56. grumpy realist says:

    @Pch101: No. No. No. You, and those who follow you down this particular rabbit hole, fail to understand what is going on:

    Congress has the authority to decide who is considered a Natural Born Citizen. (eligible to become POTUS)

    Congress has the authority to decide who gets to become a citizen by naturalization procedures. (Not eligible to become POTUS)

    The fact that Congress has to define who is considered a Natural Born Citizen by statute is because, well, that’s the way the cookie crumbles.

    What evidence do you have that Congress CANNOT define who is consider a NBC?

    (And don’t bring Vattel into it. First of all, he wasn’t American and didn’t have any authority to state any law. Second, the stuff he wrote was AFTER the Constitution was written, so how in the hell can you use the argument that the Founding Fathers had Vattel’s definitions in mind when they wrote the Constitution?)

  57. grumpy realist says:

    @Mario Apuzzo: Ah, another genius in the confines of his own mind….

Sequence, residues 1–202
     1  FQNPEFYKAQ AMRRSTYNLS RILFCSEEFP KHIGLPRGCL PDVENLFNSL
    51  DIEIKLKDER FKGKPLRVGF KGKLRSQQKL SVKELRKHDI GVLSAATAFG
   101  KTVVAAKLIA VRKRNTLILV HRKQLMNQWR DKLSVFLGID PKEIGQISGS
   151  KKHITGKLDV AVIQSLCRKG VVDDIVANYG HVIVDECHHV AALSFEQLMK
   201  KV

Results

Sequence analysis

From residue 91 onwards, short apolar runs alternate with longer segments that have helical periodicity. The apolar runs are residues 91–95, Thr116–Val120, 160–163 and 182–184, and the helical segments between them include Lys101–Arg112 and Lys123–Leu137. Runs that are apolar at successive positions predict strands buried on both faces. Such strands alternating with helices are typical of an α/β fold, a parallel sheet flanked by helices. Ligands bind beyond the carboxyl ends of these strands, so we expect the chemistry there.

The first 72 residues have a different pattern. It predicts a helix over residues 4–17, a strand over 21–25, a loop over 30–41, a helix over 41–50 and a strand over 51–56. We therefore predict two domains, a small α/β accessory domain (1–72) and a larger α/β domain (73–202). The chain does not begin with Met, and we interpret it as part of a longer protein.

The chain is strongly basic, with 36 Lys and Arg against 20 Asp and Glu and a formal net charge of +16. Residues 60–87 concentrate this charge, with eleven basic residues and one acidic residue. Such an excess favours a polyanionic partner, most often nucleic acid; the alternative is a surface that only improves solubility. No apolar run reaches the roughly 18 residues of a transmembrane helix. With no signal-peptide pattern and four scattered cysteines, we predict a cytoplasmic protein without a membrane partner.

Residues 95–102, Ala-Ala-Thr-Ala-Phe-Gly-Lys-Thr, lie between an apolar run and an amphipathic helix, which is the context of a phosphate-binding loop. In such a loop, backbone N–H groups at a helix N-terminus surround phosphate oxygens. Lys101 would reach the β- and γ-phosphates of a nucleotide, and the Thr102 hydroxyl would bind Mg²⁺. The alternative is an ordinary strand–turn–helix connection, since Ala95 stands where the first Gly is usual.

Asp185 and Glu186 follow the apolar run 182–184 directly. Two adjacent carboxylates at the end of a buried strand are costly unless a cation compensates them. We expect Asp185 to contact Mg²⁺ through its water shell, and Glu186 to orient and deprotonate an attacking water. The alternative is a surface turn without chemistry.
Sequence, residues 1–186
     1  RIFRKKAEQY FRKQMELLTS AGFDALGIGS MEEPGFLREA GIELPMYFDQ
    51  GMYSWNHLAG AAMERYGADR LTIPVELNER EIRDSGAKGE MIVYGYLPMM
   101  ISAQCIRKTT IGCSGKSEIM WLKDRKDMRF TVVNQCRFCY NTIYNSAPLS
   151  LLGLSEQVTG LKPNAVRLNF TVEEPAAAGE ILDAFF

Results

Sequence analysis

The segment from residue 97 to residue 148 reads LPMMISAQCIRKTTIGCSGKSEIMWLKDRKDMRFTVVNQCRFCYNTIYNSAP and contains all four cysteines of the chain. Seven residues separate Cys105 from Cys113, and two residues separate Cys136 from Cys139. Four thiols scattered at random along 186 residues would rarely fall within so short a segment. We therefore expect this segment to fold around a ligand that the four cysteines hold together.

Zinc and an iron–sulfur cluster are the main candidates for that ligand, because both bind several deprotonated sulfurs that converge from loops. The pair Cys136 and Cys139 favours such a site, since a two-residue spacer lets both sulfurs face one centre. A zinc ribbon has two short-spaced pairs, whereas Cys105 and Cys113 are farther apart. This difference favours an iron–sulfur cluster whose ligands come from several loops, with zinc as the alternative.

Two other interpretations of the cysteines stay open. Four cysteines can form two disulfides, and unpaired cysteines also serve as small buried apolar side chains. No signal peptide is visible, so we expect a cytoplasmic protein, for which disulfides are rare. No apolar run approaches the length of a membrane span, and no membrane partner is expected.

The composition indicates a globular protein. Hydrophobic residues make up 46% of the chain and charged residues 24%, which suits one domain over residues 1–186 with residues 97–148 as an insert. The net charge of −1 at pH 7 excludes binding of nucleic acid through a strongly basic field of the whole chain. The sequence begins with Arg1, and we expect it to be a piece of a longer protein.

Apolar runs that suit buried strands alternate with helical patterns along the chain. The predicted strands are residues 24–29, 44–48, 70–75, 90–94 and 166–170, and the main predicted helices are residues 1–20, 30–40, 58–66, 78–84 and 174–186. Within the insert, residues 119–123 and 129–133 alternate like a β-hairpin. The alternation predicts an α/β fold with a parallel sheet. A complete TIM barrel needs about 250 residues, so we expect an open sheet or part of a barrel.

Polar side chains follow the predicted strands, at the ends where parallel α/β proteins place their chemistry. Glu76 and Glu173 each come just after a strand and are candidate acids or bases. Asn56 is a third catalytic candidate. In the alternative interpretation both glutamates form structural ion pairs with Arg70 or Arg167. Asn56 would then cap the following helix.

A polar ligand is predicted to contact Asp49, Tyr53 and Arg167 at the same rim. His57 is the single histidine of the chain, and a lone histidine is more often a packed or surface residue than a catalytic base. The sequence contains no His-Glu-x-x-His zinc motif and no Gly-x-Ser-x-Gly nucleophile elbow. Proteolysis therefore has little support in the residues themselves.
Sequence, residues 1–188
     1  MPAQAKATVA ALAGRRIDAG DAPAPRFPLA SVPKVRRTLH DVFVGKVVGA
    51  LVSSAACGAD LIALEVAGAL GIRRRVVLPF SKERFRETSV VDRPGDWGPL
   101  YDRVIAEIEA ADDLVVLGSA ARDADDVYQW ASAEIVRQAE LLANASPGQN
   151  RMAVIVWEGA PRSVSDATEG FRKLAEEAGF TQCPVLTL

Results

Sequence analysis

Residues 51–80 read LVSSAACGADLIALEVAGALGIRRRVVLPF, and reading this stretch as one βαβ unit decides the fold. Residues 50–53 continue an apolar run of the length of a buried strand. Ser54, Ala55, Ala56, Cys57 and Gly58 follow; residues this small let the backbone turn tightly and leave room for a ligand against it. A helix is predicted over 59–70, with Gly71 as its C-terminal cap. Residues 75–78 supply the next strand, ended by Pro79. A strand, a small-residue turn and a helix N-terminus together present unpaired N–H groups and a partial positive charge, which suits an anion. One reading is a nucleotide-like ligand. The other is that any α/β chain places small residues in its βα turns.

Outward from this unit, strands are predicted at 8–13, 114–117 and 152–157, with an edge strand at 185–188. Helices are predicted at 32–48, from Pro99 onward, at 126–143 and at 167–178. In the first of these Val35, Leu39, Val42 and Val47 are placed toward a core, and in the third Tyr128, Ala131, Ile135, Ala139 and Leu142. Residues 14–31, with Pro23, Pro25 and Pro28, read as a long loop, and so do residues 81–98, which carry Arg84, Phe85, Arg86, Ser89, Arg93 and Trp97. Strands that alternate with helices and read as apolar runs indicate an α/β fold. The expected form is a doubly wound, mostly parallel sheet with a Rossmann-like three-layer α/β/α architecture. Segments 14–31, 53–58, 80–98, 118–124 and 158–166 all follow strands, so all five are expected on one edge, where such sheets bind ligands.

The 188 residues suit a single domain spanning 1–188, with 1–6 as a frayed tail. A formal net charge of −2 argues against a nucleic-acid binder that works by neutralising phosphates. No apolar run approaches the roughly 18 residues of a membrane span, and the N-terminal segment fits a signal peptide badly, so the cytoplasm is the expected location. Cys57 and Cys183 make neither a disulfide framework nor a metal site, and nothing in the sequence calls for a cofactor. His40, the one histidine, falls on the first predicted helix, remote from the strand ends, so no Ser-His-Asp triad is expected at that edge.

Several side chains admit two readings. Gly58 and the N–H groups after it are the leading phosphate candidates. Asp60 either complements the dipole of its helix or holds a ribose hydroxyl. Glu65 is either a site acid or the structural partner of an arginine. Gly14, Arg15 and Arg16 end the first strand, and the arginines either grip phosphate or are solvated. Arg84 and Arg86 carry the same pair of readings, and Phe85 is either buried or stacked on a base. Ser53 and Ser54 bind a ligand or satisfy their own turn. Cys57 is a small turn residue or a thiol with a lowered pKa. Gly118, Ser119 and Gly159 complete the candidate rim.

Y’know, if every single law court you bring your argument in shoots it down, at some point you might want to consider the possibility that you are simply WRONG.

  58. Jenos Idanian says:

    @Kylopod: Apparently you missed the part where the Breitbart article showed exactly why those two specific articles were bogus.

    Also, by the Mitt Romney standard, Hillary didn’t act sufficiently to denounce her aides and supporters who pushed it, so she is liable.

  59. Mario Apuzzo says:

    @grumpy realist: Let me break it down real easy for you. There is natural and there is naturalization.

  60. Mario Apuzzo says:

    @grumpy realist: Is there a legal argument that you would like to make?

  61. An Interested Party says:

    Since Hillary was the one who started the whole birther thing against Obama…

    Umm, yeah, this will get about as far as the alleged indictment coming down on Hillary, which is to say, nowhere…

  62. Scott says:

    @Moosebreath: I think the Constitution is silent on whether a natural born citizen is required to be fully human. Or human at all.